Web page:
I doubt you could have found a more inspiring place to be, this past Saturday, than the inter-faith chapel at Lancaster University, where Christian-Muslim Encounters in Lancashire had organized a day of inter-faith discussion about Jesus in Christianity and Islam. My own role, with the marvellous Dr Shuruq Naguib was to lead a workshop on ‘Jesus, Muhammad, and Gender’, considering the rich tradition of women’s leadership in both faiths, and the different ways that the early traditions of both Christianity and Islam remembered their ‘founding fathers’ as champions of respect for women and women’s voices.
We were lucky in the group of people who attended: a mix of students, clerics of both faiths, community leaders, all remarkably willing to talk openly about historical questions and also about personal experience. Some of the most valuable discussions had to do with painfully basic modern questions: a Christian priest wanting to understand better what it is like to live in Britain as a veiled muslim woman, for example. I often find that talking about ancient traditions offers an opportunity for a diverse group to raise and ‘work together’ on difficult modern questions from a position of shared humility and curiosity, and so it was in this case. (In another post, The Desert Mothers, the Prophet Mohammed, and the #YESALLWOMEN Meme, I’ve written about how these ancient-modern connections can also help scholars to see the ancient world through fresh eyes.)
Our discussion focused mostly on two passages. On the Christian side, we discussed a story from the Gospel of Luke in the New Testament, which remembers a woman, Mary of Bethany, who wanted to join the male disciples in studying Jesus’s teaching.
38 As Jesus and his disciples were on their way, he came to a village where a woman named Martha opened her home to him. 39 She had a sister called Mary, who sat at the Lord’s feet listening to what he said. 40 But Martha was distracted by all the preparations that had to be made. She came to him and asked, “Lord, don’t you care that my sister has left me to do the work by myself? Tell her to help me!” 41 “Martha, Martha,” the Lord answered, “you are worried and upset about many things, 42 but few things are needed—or indeed only one. Mary has chosen what is better, and it will not be taken away from her.” (Luke 10:38-41; Translation: New International Version)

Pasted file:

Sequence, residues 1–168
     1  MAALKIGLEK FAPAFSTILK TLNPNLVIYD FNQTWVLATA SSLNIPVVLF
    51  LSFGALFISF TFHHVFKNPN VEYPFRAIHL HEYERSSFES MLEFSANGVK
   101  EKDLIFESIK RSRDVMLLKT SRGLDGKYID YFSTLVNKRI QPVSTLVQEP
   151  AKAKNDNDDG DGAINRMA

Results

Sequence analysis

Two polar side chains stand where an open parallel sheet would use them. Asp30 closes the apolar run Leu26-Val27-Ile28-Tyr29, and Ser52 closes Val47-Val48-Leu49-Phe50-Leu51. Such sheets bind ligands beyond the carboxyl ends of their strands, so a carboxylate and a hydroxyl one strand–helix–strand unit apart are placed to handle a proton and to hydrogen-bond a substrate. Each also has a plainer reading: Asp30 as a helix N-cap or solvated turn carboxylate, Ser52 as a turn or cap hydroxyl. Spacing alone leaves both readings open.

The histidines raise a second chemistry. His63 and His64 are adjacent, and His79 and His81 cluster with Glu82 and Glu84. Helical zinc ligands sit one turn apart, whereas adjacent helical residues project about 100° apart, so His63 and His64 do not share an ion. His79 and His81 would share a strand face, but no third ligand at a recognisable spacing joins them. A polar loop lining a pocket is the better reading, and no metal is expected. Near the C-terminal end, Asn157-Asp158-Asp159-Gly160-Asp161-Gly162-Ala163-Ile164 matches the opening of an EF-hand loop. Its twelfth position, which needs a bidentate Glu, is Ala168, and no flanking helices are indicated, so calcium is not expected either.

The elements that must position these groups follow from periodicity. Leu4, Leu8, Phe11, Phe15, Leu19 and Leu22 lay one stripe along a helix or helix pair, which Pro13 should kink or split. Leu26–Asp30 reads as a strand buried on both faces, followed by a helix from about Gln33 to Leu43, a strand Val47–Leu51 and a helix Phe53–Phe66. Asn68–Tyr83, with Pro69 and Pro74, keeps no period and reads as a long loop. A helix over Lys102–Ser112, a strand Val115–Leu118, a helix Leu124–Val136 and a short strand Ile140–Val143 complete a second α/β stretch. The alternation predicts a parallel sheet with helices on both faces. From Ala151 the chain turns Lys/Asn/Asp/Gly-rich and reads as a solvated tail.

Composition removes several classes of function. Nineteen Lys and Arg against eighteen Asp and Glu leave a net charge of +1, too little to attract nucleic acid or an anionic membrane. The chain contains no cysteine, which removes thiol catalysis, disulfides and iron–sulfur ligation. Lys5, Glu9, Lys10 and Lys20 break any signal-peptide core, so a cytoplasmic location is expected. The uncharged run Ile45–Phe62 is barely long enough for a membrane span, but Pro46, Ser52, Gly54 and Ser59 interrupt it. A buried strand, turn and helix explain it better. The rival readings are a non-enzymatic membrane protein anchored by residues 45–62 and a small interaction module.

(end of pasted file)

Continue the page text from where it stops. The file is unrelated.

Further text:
In my Band of Angells: The Forgotten World of Early Christian Women I have discussed how this story shows that in the as the early Christian communities remembered Jesus, they remembered him protecting women’s voice. If one looks at the non-canonical Gospels, such as the Gospel of Mary, one sees that this tradition of women’s leadership did not always go unchallenged.
Similarly, on the Muslim side, the Sunan of Abi Dawud, who died in 888 C.E., is one of the six principal Hadith collections preserving the acts and sayings of the Prophet Muhammad as remembered by his disciples, Abi Dawud preserves the following Hadith:
Umm Waraqah, daughter of `Abd Allah b. al-Harith, narrated: ‘The Messenger of Allah used to visit her at her house. He appointed a person who calls for the prayers (mu’adhdhin) to call adman for her; and he commanded her to lead the inmates of her house in prayer.’
It was fascinating to hear Shuruq speak about the rich traditions of female teachers in Islam. Many people are aware of the important contribution’s of women to Islam’s mystical tradition – one need only think of Rābiʻa al-ʻAdawiyya (d. 801 C.E.), widely believed to be the greatest of the early Sufi poets – but in fact women’s contribution to early Islam was diverse and wide-ranging, and the memory of the Prophet’s own encouragement to Muslim women is clearly part of that.
This short post can only capture a glimpse of what was an inspired and inspiring afternoon of discussion. But it is a conversation that I trust will continue for some time to come. In the mean time, Ali Amla, Anderson Jeremiah, and the community behind Christian-Muslim Encounters in Lancashire deserve very warm thanks and congratulations.